History of the Insecticides and the Posting Sign
Manufactured insecticides are a fairly new invention – since about 1945. There were few regulations on the new industry and most of the insecticides were very primitive. They were basically poisons - skull and crossbones poisons and harmful to people and animals.
Mostly the insecticides were used on agricultural crops – large acreages often applied by crop dusters. Farmers were required to post notices at each field to warn the farmworkers – Danger: Do not Enter.
Lawn Spraying Used the Same Insecticides
During the late '60s and early ’70s, there was a growing lawn spraying industry that applied the same agricultural insecticides to home lawns. There was concern over the hazards of applying these primitive insecticides to residential areas, so laws were passed requiring lawn spraying companies to post lawns like farmers posted their crop-dusted fields. That’s the posting sign law and it is still on the books today – some 50 years later.
New Laws - New Insecticides
During the 50 years since the posting sign law, new laws and regulations on insecticides were created that prohibited the use of primitive dangerous insecticides on home lawns. Many thought that was the end of the lawn spraying industry. But modern science found an alternative to those dangerous insecticides.
The Advent of Synthetic Botanicals
Natural insecticides found in marigolds and chrysanthemums are very effective in small amounts and very safe. Unfortunately, since very little is needed - very little is produced by the plant and cannot be economically harvested. However, scientists discovered how to duplicate these natural insecticides in the laboratory – synthetic botanicals. These synthetic botanicals share many of the same characteristics as the natural botanicals – effective in small amounts and safe for you, children, pets, and the environment. These are the modern insecticides.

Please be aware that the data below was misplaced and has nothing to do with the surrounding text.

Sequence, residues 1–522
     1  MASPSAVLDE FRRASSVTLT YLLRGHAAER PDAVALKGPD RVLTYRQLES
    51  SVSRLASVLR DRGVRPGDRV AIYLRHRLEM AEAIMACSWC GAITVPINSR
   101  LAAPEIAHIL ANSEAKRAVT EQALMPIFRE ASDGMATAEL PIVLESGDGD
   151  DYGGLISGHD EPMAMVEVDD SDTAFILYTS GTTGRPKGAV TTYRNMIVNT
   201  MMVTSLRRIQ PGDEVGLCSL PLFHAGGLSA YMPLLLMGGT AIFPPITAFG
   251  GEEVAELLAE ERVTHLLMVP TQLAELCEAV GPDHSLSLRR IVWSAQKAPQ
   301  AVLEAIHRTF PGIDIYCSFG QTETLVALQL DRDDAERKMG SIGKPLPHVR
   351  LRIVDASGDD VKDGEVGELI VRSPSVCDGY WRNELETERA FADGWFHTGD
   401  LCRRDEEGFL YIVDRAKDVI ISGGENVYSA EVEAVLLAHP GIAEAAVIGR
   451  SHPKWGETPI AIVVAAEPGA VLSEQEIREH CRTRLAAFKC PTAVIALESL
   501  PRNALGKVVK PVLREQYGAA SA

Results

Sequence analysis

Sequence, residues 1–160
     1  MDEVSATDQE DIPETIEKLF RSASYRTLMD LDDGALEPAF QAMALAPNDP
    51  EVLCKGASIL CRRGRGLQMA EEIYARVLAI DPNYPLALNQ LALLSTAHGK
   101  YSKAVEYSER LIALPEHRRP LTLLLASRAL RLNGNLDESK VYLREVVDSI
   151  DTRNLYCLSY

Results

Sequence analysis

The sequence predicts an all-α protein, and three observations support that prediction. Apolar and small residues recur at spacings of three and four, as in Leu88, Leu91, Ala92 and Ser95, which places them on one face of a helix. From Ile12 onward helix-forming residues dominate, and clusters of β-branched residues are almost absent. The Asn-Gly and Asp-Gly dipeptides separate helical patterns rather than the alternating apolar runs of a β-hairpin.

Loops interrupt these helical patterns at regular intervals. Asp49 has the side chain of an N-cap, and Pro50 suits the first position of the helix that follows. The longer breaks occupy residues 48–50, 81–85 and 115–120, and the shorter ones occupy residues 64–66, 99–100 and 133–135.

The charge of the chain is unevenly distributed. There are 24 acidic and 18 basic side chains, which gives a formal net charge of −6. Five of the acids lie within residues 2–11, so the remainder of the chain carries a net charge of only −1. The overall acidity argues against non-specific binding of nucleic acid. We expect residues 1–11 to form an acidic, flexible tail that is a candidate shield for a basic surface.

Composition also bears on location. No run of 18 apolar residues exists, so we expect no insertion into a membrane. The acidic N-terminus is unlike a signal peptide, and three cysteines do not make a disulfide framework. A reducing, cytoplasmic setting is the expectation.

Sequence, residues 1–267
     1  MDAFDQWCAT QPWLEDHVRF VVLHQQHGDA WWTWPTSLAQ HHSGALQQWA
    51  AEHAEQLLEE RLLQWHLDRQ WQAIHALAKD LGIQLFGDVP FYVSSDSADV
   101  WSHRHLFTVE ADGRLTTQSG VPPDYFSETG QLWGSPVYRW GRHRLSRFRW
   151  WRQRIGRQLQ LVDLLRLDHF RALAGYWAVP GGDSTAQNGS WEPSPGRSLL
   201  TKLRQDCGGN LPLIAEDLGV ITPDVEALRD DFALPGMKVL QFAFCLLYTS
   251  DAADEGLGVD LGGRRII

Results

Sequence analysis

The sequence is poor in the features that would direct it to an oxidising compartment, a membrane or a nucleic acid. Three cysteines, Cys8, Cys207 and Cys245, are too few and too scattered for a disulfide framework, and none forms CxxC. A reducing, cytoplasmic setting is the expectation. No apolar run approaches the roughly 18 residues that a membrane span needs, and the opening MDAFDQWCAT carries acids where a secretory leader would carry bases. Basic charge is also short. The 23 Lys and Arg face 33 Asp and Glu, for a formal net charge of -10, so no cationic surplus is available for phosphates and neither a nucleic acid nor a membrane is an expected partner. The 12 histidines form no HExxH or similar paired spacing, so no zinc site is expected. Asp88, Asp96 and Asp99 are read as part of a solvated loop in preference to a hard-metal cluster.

Natural Botanicals: Safe and Effective
Modern insecticides are safe and very effective. They are so safe, the active ingredient in your pet’s flea shampoo is the same insecticide I spray on your lawn. And yet so effective, I use less than one teaspoon of insecticide for an entire lawn.
So the old dangerous primitive insecticides have been replaced with modern ultra-safe insecticides that are safe for you, your children, your pets, and the environment. The insecticides have changed dramatically over the past 50 years - but nobody changed the law for posting signs. And that is why I post your property with a warning telling you to stay off until dry - because of an outdated law.
And as a jab at the bureaucrats, my warning sign is NOT the international symbol of death – the skull and crossbones - but a playful lawn gnome holding a handwritten sign.